Review: Intel NUC 13 PRO – i7-1360p




We now move to a part that was not initially planned. After the change of thermal paste and the gain of temperatures on the CPU, we are interested in solutions to gain in performance. Changing the thermal paste did not allow us to gain in performance because of the power limit that we were already reaching before. The solution is simple, we had to change the power limit values.

There are two ways to approach this, the first is through the BIOS, the second is via the Intel XTU software. We chose the first one and took the opportunity to set the ventilation to 100% without the cover.

So the PL1 power limit was increased from 28W to 64W and PL2 from 64W to 80W with a PL2 hold time of 228 seconds instead of 28 seconds. We then tested this on Cinebench R20, geekbench 3, 3DMark Time spy and 3DMark Firestrike.

Cinebench R20

On Cinebench R20 we observe a gain of 13% with a frequency maintained between 4100 MHz and 4300 MHz against 3200 to 3900 MHz before. The power consumption stagnates at 70 W against 64 W then 40 W before.

Geekbench 3

On geekbench 3 the gain is less with only 2.5%, here we still can’t reach the i7-12700h of the Dell Inspiron 14 Plus.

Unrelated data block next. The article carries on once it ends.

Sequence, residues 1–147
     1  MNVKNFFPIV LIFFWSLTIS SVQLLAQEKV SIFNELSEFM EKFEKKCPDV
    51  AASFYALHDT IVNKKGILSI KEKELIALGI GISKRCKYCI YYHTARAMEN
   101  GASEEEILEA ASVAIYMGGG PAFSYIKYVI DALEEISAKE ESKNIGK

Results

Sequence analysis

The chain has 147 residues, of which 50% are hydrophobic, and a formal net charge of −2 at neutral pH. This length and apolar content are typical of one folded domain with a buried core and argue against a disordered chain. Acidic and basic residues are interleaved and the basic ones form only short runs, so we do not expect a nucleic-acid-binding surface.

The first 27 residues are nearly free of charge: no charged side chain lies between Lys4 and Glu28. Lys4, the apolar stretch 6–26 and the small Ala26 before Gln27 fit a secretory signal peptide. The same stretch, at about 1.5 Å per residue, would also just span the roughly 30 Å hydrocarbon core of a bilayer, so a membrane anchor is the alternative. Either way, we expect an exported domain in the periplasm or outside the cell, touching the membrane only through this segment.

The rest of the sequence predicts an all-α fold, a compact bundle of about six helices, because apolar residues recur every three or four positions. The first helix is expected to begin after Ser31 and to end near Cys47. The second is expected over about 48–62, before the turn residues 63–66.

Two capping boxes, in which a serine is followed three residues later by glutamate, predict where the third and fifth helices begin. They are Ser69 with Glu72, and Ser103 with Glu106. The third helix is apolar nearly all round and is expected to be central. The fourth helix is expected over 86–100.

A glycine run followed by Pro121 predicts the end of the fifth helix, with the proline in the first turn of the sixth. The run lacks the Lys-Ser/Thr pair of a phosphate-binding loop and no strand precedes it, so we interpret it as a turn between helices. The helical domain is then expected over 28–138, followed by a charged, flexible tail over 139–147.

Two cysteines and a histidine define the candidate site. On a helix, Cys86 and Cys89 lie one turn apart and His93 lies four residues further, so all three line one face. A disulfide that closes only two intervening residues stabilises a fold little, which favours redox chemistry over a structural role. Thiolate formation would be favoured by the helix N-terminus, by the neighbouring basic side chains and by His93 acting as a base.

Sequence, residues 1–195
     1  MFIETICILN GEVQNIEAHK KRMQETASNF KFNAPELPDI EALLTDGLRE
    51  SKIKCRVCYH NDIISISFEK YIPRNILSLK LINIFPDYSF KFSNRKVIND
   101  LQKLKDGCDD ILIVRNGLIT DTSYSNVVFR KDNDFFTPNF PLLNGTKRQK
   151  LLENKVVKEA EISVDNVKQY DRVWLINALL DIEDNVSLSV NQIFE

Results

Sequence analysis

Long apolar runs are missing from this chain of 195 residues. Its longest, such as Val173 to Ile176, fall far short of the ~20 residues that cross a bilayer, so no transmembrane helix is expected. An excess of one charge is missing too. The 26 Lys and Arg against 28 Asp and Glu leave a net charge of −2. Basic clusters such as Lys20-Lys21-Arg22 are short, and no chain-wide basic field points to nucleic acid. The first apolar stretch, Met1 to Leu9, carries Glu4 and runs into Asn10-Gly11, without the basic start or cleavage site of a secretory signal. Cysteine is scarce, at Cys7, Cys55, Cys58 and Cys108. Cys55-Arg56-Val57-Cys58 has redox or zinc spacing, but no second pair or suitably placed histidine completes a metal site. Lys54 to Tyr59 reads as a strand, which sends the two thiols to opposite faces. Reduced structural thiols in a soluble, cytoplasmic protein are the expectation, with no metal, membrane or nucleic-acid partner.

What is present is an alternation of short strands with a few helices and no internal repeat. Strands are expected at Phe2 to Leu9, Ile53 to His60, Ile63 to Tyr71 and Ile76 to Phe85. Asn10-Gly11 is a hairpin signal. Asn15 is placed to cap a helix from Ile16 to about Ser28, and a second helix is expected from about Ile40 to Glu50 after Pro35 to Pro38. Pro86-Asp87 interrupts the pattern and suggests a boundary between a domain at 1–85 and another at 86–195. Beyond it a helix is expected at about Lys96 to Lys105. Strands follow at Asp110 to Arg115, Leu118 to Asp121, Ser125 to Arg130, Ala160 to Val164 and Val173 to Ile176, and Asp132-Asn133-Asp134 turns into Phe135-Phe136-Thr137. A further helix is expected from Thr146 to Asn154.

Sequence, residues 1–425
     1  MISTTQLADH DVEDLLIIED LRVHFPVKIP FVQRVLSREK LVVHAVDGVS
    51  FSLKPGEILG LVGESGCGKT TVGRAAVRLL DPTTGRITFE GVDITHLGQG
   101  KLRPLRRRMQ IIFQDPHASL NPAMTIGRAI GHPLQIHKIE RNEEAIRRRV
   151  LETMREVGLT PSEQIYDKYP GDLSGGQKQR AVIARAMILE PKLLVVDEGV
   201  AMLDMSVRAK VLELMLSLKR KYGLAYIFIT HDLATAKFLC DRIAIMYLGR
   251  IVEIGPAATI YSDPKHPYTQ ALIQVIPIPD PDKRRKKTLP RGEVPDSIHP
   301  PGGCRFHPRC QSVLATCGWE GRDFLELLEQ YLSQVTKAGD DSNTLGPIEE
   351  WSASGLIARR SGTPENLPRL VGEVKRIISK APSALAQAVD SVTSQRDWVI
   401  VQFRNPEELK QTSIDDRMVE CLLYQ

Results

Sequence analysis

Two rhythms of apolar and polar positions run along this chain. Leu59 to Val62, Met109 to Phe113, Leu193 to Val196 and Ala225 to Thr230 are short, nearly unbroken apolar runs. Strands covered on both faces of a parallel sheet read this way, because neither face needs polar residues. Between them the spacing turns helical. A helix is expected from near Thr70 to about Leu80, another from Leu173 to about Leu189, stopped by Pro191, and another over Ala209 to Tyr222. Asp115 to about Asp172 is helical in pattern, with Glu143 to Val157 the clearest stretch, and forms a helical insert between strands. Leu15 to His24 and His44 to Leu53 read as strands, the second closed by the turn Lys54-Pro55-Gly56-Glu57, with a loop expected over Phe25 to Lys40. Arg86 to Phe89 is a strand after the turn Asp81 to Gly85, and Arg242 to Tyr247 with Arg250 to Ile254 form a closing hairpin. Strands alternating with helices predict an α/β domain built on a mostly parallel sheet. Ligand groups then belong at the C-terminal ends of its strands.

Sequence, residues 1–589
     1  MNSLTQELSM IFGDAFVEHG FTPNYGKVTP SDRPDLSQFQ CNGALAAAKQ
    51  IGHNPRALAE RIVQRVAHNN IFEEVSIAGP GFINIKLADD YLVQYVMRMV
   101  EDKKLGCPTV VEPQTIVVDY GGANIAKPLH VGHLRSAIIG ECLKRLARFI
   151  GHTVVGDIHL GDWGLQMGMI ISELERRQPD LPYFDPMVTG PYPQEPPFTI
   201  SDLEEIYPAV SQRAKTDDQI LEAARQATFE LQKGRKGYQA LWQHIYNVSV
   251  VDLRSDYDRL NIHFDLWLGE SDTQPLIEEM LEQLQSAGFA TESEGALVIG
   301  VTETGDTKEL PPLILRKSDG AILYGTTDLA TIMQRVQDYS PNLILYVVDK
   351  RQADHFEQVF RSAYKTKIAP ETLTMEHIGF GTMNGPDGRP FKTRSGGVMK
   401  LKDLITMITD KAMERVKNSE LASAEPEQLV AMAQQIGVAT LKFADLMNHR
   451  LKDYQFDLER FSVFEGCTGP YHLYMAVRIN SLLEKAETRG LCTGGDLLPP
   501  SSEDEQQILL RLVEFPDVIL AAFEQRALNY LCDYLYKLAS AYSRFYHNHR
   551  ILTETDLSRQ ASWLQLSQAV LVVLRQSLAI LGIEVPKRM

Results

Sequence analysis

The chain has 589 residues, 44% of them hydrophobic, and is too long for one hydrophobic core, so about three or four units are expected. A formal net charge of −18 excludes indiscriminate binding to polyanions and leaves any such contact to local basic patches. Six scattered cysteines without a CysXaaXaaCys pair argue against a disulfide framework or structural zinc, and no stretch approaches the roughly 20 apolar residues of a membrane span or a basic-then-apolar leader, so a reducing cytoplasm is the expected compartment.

3DMark Time spy

On 3DMark Time spy the gain is negligible, here the overall score is more influenced by the GPU than the CPU. The gain on the CPU is only 3.8% and only overclocked RAM or more cores could grant a significant gain.

3DMark Firestrike

On 3DMark Firestrike same observation as on Time spy, the gain on the CPU is only 1,9 %.

This upward manipulation of the power limit therefore provides a performance gain only in certain cases. It is therefore not very useful for a machine dedicated to office work. However, it should be pointed out that the fact of being able to touch the PL1 and PL2 can be applied in the other direction. A reduction of the power limit would be judicious to better contain the heating and the noise of this NUC in certain cases of use.

Let’s find out right away with some performance tests on Cinebench R20 at different power limit levels.

As we can see, by opting for a power limit of 40 W we manage to lower the temperature by 16 °C while remaining ahead of the MSI Prestige 13 Evo A13M.

For my part, I will choose a PL1 of 28 W and a PL 2 of 40 W. This would have a definite impact on multi-thread performance but not for office use. With this setting the average temperature drops to 67°C on Cinebench R20 for 4068 points. But this has very little impact on the office suite for example with 14 105 points against 14 117 points before on the PCMark 10 Application benchmark.